(Bloomberg) -- Affinity Gaming, a casino operator owned by Z Capital, plans to raise $150 million for a special purpose acquisition company, according to people with knowledge of the matter.

The SPAC, Las Vegas-based Gaming & Hospitality Acquisition Corp., intends to combine with Affinity as well as an entity that it hasn’t yet identified, a presentation to potential investors shows. That differs from most SPACs, which typically raise money to buy an undetermined target.

The target firm ideally will be valued at $500 million or more, including debt, to form a company with an enterprise value of more than $1 billion.

The new blank-check firm has filed confidential paperwork with the Securities and Exchange Commission. The deal could be upsized within a traditional 20% range, and by an additional 15% if underwriters opt to exercise a so-called greenshoe.

Z Capital, led by founder and Chief Executive Officer Jim Zenni, has owned Affinity since 2017. The casino operator, with locations in Iowa, Missouri and Nevada, expects to generate earnings before interest, taxes, depreciation and amortization of about $80 million in 2020, valuing it at about $700 million including debt, according to one of the people.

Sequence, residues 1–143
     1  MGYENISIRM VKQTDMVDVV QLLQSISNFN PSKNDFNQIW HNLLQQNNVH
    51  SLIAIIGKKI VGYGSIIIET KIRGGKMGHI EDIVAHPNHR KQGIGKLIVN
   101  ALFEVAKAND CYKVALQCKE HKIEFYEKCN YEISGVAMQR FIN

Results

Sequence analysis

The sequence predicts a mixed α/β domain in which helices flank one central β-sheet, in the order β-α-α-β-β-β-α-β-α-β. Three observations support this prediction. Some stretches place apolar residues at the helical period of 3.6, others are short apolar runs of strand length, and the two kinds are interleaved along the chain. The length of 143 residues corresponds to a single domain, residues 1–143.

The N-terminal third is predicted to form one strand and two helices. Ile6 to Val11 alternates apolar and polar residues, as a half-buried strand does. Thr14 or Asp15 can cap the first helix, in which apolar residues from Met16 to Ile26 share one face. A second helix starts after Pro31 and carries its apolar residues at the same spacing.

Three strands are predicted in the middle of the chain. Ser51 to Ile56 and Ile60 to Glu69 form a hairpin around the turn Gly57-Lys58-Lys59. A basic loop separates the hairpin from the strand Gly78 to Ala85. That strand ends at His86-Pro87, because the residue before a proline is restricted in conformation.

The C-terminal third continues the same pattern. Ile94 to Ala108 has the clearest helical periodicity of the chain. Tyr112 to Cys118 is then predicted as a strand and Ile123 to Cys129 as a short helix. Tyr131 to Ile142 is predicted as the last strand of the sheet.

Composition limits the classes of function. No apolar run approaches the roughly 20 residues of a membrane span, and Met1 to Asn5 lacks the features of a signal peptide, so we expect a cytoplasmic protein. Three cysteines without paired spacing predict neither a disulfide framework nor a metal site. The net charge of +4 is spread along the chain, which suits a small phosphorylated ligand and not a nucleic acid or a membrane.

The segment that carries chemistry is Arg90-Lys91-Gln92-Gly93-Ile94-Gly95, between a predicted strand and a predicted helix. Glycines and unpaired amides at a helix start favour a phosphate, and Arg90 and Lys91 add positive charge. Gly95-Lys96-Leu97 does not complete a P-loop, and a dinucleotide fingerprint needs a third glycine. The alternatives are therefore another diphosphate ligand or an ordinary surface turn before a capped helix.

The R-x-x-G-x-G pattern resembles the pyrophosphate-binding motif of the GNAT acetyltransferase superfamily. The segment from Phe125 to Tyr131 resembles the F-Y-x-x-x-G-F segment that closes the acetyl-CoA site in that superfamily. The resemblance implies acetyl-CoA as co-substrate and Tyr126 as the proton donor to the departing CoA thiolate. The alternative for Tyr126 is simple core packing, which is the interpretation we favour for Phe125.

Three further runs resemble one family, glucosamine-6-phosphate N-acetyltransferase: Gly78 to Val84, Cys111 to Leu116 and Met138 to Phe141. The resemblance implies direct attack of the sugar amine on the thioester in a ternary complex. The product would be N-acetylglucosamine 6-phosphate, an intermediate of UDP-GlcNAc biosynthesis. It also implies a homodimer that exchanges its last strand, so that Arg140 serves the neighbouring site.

A Z Capital spokeswoman declined to comment.

Orphan Properties

Affinity’s potential target may include other regional gambling companies including those that make technology, equipment or operate digital platforms, so-called orphan properties being sold by casino operators, or businesses that are focused on distributed gaming. The latter, also known as slot routes, is legal in states including Illinois and involves the fitting of slot machines at gathering places such as truck stops, bars and restaurants.

Gaming & Hospitality Acquisition Corp. is led by Affinity CEO Mary Beth Higgins, formerly an executive at Vici Properties Inc. and its predecessor, a unit of Caesars Entertainment Inc. The SPAC’s board includes Caesars board member and former Las Vegas Mayor Jan Jones Blackhurst, longtime industry executive Daniel Cassella and former Ladbrokes CEO Richard Glynn.

See also: TPG to Plan ESG, Tech Blank-Check IPOs Amid SPAC Boom

Last year, gaming company Accel Entertainment Inc. went public through a merger with TPG Pace Holdings Corp., a SPAC sponsored by an affiliate of private equity firm TPG.

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